Give your sink a rest with one-pot meals

Brown Rice and White Beans with Shiitakes and Spinach

This homey pilaf is infinitely versatile, not to mention free of gluten and soy. Instead of rice, you can make it with quinoa, wheat berries or bulgur. You can also swap out the white beans for cooked lentils, black-eyed peas or chopped seitan. Or add some heat with a minced jalapeño.

— Robin Robertson

1 Tbsp. olive oil or 1/4 cup water

1 large sweet onion, chopped

3 garlic cloves, minced

8 oz. shiitake mushrooms, stemmed and sliced (about 2 cups)

1 1/4 cups brown rice

2 cups vegetable broth

Salt and freshly ground black pepper

4 scallions, chopped

8 oz. (about 8 cups) fresh baby spinach

1 1/2 cups cooked white beans or 1 (15.5-oz.) can white beans, drained and rinsed

1 Tbsp. minced fresh dill or basil

Heat the oil or water in a large saucepan over medium heat. Add the onion and cook until soft, about 7 minutes. Add the garlic and mushrooms and cook about 3 minutes or until the mushrooms are tender. Stir in the rice and cook, stirring, for 1 to 2 minutes. Stir in the vegetable broth and bring to a boil. Reduce the heat, season with salt and pepper to taste, cover, and simmer for 35 minutes, stirring occasionally.

Uncover, and add the scallions and spinach, stirring until the spinach wilts. Stir in the beans and dill. Cook for 5 minutes longer, or until the broth is absorbed and the rice is tender. Taste and adjust the seasonings if needed. Serve hot. Serves 4.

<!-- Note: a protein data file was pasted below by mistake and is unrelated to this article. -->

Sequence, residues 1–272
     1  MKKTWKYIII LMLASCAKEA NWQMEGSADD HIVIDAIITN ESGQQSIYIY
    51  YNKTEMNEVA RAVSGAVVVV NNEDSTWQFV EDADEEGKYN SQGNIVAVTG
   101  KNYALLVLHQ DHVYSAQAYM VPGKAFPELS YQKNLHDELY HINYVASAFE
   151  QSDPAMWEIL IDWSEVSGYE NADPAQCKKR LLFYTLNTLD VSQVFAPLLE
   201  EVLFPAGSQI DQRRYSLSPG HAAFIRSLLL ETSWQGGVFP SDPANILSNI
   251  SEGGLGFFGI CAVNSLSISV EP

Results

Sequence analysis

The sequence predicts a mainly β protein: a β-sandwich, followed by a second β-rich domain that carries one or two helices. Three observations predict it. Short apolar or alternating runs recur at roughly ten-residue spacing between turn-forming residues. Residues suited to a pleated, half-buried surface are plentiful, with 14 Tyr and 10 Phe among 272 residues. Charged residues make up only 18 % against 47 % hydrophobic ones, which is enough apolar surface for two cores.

— From "One-Dish Vegan: More than 150 Soul-Satisfying Recipes for Easy and Delicious One-Bowl and One-Plate Dinners" by Robin Robertson (Harvard Common Press, $16.95)

Spanish Chicken with Chorizo and Garlic

Years ago I spent a month winding around the railways of Spain, stopping where the guidebooks spoke of traditional plazas, museums and fine Spanish cuisine. My memory holds Seville in particular esteem. It must have been to do with the heavily laden orange trees and a supper eaten while watching university students pour out of the library at the most ungodly of hours. I remember eating something similar to this dish and have tried to re-create it, as closely as scribbled notes written by candlelight will allow. Ole!

— Georgina Fuggle

1 Tbsp. olive oil

6 large free-range chicken thighs, with bones and skin

7 oz. cooking chorizo, cut into 1/2- to 3/4-inch chunks

1 onion, cut into thin wedges

2 medium leeks, chopped into 3/4- to 1 1/4-inch pieces

1 tsp. Spanish smoked paprika (unsmoked is fine, too)

A pinch of saffron threads

2 whole heads of garlic, cut in half horizontally and left unpeeled

4 sprigs of thyme

1/2 cup sweet white wine

1 cup hot chicken stock

2 (15-oz.) cans organic lima beans, drained and rinsed

Sea salt and freshly ground black pepper

In a large casserole dish, heat the olive oil until smoking hot. Cook the chicken legs on both sides until they are crisp and golden, then transfer to a waiting plate. Keep the heat on high and add the chorizo chunks to the pot. Fry for a minute on each side and remove from the casserole with a slotted spoon so as to leave their oil behind.

Add the onion, leeks, and smoked paprika and sauté in the delicious chorizo oil. Reduce the heat, cover, and soften the vegetables, 3 to 4 minutes, but check they don’t catch on the bottom of the pot.